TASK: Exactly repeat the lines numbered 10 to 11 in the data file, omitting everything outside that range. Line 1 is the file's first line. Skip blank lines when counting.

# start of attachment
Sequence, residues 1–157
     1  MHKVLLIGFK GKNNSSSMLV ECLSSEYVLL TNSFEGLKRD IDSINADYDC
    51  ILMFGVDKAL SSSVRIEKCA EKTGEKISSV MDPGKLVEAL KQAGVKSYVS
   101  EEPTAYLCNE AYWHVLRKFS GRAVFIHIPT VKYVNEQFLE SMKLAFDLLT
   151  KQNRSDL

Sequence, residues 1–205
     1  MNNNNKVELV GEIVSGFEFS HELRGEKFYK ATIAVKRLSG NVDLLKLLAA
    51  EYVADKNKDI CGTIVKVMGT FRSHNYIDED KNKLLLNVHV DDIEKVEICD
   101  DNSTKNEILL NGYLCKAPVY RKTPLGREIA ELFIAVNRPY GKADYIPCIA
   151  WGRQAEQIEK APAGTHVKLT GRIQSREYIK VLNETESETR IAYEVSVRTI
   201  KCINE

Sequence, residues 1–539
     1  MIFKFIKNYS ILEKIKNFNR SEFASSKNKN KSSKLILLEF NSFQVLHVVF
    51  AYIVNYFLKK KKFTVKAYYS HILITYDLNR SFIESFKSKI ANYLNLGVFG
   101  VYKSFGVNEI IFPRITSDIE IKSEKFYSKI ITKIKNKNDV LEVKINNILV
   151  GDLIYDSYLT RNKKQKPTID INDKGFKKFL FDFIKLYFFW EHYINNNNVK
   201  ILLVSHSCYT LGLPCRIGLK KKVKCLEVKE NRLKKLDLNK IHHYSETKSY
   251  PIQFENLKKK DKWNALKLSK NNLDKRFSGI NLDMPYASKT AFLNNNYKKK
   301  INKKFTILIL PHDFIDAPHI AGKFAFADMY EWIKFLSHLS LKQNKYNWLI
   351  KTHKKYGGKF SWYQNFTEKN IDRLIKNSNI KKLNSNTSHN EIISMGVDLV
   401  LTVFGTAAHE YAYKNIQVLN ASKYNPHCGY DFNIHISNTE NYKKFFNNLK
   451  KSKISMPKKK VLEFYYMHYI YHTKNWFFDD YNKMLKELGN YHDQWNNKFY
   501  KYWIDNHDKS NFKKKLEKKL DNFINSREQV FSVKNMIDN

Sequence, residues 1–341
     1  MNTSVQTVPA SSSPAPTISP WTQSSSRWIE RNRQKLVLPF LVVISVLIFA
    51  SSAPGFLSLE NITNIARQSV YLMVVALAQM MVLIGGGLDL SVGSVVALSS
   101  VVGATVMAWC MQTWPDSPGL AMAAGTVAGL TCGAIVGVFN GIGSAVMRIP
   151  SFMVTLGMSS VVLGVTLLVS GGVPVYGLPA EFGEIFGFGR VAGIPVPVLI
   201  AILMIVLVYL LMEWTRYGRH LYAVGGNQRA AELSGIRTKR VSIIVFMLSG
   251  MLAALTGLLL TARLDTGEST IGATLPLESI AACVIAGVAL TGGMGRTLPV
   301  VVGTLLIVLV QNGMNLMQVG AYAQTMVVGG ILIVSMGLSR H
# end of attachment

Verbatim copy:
   151  WGRQAEQIEK APAGTHVKLT GRIQSREYIK VLNETESETR IAYEVSVRTI
   201  KCINE